Goodness gracious it’s just about the end of year two! As much as I may not like the way that it sounds when said out loud, this marks the halfway point of my degree. Having reached midway one might expect feelings of confidence, competence or even congruence in regard to one’s specialisation … I had hoped so too.
While the Bachelor of Engineering degree may be fifty percent complete, I am only just getting started with my specialisation (well, technically I have already done a third of that, but we are trying to forget about those big, scary numbers for the meantime). This is, I feel, an important distinction to make. I’ve already picked up a great deal of engineering knowledge, but now it is a case of actually applying it to the field of electrical and electronics engineering. If I had to place myself on the Dunning-Kruger curve it would be smack dab at the bottom. Not that it is a bad place to be, but the amount that I know I don’t know feels almost overwhelming.
Enough of this exposition chit-chat, let’s get down to business. “What business?” I hear you ask. Well today I thought I might try and convince you – yes you – to choose this delightful, exhilarating, and simply superlative specialisation. If you already know what specialisation you want to take, more power too you, then this blog may not be as helpful for you. Rather I hope to aid those who are still umm-ing and ahh-ing.
You really enjoyed ELECTENG 101
Well, it is a great place to start give that passing 101 is a pre-requisite for taking EEE, but 101 does give you a great overview of some of the places EEE can take you – content and career-wise. However, 101 is by no means that be all and end all of the EEE degree, I would argue that ENGSCI 111 and ENGGEN 140 are important and somewhat important respectively. You need not have adored 111, but the mathematics that it teaches will pop up now and then, so it is best that you feel confident with the content covered. Now 140 is not so integral, but it does expose you to the field of renewable energy generation, an EEE pathway that you could follow if you were so inclined.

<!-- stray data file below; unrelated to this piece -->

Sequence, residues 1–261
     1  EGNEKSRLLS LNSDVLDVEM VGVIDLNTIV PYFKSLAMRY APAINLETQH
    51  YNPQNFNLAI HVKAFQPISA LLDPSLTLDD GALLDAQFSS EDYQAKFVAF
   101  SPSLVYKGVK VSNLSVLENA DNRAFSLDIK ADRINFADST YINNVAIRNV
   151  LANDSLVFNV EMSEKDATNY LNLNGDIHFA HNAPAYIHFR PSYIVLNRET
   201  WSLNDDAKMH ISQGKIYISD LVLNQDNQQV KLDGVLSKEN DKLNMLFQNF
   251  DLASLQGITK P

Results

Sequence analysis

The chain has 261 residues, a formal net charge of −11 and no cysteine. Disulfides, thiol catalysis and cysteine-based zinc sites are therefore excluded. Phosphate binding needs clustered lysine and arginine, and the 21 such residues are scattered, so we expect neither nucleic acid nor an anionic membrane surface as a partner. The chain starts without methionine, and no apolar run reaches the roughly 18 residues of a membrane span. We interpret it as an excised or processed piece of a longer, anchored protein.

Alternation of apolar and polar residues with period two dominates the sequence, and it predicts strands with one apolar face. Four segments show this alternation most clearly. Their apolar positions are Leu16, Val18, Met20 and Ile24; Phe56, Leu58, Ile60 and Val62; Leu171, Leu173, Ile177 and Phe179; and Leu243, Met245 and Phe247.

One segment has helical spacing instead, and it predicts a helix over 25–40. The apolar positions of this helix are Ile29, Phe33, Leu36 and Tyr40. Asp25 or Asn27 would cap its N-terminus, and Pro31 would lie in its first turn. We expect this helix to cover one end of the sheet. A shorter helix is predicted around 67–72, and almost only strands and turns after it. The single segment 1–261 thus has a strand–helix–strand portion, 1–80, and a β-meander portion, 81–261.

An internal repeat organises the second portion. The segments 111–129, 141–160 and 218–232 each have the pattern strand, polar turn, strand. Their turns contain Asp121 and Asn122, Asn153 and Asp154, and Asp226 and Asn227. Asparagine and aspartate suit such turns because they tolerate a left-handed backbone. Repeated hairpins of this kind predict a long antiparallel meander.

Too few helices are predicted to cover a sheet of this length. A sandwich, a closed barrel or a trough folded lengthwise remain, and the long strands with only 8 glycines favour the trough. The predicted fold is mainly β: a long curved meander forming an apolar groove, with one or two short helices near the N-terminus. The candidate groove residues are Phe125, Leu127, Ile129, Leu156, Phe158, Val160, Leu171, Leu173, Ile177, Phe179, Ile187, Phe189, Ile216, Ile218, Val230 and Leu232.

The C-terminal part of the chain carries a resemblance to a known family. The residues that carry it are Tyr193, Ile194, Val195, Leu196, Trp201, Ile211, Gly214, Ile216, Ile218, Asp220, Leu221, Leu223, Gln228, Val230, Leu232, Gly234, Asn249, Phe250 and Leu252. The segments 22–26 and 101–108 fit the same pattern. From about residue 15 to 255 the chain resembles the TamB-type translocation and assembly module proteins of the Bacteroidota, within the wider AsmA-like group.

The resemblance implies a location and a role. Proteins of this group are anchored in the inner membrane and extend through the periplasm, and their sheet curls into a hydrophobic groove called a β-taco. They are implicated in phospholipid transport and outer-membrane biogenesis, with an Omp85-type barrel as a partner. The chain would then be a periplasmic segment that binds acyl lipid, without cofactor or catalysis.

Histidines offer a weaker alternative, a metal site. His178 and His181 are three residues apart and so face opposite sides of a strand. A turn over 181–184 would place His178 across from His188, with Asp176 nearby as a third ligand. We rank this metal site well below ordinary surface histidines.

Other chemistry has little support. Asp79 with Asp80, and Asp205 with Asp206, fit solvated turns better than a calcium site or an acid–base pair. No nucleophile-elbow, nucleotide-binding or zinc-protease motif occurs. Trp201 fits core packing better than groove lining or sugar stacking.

The options are endless*
*Excuse the hyperbole, but the breadth of career option that EEE provides is astounding. I mean it is in the name: ‘Electrical and Electronics Engineering’, what other specialisation mentions two disciplines? (well, there is Chemical and Materials Engineering, but we can ignore them) From photolithography in the nanometres (or even angstroms soon) to speeds in the gigahertz, we end up covering several orders of magnitude of scale across the discipline. Your job opportunities span consulting, power electronics (including inductive power transfer i.e. wireless charging), power systems (generation and distribution), telecommunications, and potentially some of computer systems’ embedded devices. And remember, what you learn in your degree is only the beginning; there is so much more that you can, and will, learn – you have probably heard your lecturers talking about the idea that university is now about “learning how to learn”
At this point I realise that the next four reasons are not specific to EEE itself, rather they are just (in my opinion) good advice for choosing a specialisation.
- You should feel enthused. If you can’t get excited about it now, then you will find it harder to keep on going later. This is quite difficult to quantify, but think about which courses you spent the most time doing – was there a course that you would spend extra time doing to avoid other course’s work while still feeling productive?
- Almost all the specialisation’s content should look interesting, or at least not boring. You are going to be spending the next three years learning about it, so ensure that this time is spent exploring interesting subjects. Check out a specialisation’s Part IV courses to see what you might end up doing – often these courses are the most interesting/specific.
- The content should feel difficult but rewarding. No matter what specialisation you choose you are going to be learning some tricky content, so it helps if you find satisfaction when you get the right answer.
- Look at all of your options with an open mind. You may have come into the engineering degree dead-set on software your favourite specialisation, but do yourself the favour of looking around at what is available, even if it is just to eventually reaffirm your dislike of specialisation α, β, γ.
I hope that helps you make up your mind. If you are still a bit confused or indecisive then do look around at other blogs, or you could even post a comment if you have any queries. Before I say goodbye, I would just like to note the fact that all the engineering specialisations are just that – specialisations. You are all engineers; your specialisation is where you learn to apply your general engineering skills in a practical setting. Most engineering boils down to mathematics and systems design/analysis/modelling: now it is up to you to decide what type of systems you want to work with (I recommend electrical ones).
I hope this hasn’t been too polarising.
Further apologies are due to Icehouse for that cover image (primative man -> primative components hahaha…)